Rainer Weiss of MIT and Kip Thorne and Barry Barish of Caltech were awarded the Nobel Prize in Physics on Tuesday for the first direct observation of ripples in space-time known as gravitational waves, which were predicted by Albert Einstein a century ago.
A team of physicists who can now count themselves as astronomers announced Thursday that they had heard and recorded the sound of two black holes colliding 1 billion light-years away, a fleeting chirp that fulfilled the last prophecy of Albert Einstein’s general theory of relativity.
Stardust got in their eyes.
It might be a place that only a lichen or pond scum could love, but astronomers said Wednesday that they had found a very distant planet capable of harboring water on its surface, thus potentially making it a home for plant or animal life.
It is, in the words of the Danish filmmaker Michael Madsen, “a place we must remember to forget.”
Physicists returned to their future on Friday. About 10 p.m. outside Geneva, scientists at CERN, the European Center for Nuclear Research, succeeded in sending beams of protons clockwise around the 17-mile underground magnetic racetrack known as the Large Hadron Collider, the world’s biggest and most expensive physics experiment.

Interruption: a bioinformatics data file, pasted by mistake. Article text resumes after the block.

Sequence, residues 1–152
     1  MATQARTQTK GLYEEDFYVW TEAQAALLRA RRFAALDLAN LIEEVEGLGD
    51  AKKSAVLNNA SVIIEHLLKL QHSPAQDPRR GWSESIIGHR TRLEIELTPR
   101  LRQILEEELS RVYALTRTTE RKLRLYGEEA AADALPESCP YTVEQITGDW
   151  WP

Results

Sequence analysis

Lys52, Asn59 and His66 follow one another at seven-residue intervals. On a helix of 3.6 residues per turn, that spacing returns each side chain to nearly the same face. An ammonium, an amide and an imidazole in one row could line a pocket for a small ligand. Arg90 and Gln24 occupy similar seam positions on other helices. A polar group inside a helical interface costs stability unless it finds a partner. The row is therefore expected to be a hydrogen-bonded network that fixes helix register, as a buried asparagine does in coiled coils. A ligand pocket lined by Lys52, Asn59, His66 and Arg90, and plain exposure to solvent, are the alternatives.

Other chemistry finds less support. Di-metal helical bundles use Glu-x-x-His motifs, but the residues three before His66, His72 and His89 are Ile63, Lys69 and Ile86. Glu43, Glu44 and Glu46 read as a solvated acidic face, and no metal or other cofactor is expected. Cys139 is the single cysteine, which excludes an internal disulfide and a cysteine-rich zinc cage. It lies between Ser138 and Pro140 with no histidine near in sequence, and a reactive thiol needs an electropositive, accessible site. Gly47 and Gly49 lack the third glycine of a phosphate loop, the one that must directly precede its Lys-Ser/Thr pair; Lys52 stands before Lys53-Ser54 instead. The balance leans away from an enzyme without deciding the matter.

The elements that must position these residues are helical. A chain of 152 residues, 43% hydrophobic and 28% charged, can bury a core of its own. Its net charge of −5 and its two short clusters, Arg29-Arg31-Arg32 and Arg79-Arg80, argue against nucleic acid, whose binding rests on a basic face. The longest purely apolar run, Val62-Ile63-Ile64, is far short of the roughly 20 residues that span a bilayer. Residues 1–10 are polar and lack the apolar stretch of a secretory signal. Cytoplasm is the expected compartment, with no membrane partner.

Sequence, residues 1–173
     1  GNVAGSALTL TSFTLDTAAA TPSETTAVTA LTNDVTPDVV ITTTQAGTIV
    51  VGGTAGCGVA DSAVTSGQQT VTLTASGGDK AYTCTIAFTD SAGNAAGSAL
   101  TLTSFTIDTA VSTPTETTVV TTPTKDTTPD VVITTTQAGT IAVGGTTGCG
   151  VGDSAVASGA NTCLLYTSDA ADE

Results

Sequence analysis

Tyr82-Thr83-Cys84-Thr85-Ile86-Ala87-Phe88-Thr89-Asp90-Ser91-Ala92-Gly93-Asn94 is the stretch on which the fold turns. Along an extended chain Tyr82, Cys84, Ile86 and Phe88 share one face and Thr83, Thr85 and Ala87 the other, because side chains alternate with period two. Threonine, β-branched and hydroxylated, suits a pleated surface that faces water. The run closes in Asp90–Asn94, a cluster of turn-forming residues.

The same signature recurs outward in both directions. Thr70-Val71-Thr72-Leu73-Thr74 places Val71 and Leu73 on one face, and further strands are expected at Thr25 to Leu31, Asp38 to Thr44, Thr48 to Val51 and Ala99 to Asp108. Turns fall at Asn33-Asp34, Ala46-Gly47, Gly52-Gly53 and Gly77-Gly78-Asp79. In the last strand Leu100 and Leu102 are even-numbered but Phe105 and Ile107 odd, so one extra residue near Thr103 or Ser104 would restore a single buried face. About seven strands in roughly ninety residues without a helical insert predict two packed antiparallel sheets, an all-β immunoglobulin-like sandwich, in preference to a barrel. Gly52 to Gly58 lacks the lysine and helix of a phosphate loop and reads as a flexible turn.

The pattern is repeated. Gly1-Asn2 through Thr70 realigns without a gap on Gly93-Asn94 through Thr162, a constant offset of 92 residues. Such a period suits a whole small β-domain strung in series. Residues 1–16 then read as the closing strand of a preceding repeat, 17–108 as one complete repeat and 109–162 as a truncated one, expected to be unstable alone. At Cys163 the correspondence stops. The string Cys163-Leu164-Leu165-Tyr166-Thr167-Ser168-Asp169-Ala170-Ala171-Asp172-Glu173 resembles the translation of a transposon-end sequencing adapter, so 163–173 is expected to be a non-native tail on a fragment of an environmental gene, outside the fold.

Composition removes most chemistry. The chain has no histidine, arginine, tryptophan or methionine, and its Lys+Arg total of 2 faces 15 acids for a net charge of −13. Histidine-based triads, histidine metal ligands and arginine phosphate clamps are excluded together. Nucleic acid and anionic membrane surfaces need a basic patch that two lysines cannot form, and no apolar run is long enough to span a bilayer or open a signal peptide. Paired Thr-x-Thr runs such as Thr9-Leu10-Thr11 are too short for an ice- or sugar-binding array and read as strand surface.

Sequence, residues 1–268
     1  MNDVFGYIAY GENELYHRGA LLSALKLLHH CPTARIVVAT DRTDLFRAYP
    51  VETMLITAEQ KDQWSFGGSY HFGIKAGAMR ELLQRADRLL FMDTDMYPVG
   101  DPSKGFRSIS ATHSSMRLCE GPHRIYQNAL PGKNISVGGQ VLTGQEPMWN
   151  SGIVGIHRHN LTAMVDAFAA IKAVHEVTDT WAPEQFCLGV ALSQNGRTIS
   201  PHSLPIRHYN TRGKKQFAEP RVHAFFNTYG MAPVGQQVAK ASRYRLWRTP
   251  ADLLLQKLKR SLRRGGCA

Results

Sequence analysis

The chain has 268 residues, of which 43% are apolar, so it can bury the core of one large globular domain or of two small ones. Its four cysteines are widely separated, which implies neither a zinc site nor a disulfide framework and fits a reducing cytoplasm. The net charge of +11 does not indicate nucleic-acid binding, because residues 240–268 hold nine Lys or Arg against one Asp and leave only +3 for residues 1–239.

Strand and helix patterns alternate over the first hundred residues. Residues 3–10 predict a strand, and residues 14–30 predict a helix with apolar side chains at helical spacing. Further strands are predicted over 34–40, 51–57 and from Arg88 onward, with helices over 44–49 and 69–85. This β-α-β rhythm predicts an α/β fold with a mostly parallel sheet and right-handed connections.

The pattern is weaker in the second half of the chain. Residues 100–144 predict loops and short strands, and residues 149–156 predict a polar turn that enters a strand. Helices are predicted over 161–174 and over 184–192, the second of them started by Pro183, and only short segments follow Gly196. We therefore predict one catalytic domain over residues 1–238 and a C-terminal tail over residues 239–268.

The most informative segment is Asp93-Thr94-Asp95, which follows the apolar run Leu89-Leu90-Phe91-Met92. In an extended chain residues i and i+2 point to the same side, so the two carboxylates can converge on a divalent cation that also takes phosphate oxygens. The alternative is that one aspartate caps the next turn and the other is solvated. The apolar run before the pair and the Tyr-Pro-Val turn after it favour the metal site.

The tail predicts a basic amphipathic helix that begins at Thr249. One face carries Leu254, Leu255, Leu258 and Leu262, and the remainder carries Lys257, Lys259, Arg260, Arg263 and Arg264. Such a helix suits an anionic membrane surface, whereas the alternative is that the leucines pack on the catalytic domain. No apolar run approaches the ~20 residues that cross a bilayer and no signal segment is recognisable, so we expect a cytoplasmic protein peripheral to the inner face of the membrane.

Seven astronauts blasted off Monday for one last dance with the Hubble Space Telescope.
Astronomers said Wednesday that they had found a miniature version of our own solar system 5,000 light years across the galaxy — the first planetary system that really looks like our own, with outer giant planets and room for smaller inner planets.
At a news conference in Beijing an international consortium of physicists released the first detailed design of what they believe will be the Next Big Thing in physics: A machine 20 miles long that will slam together electrons and their evil-twin opposites, positrons, to produce fireballs of energy recreating conditions when the universe was only a trillionth of a second old.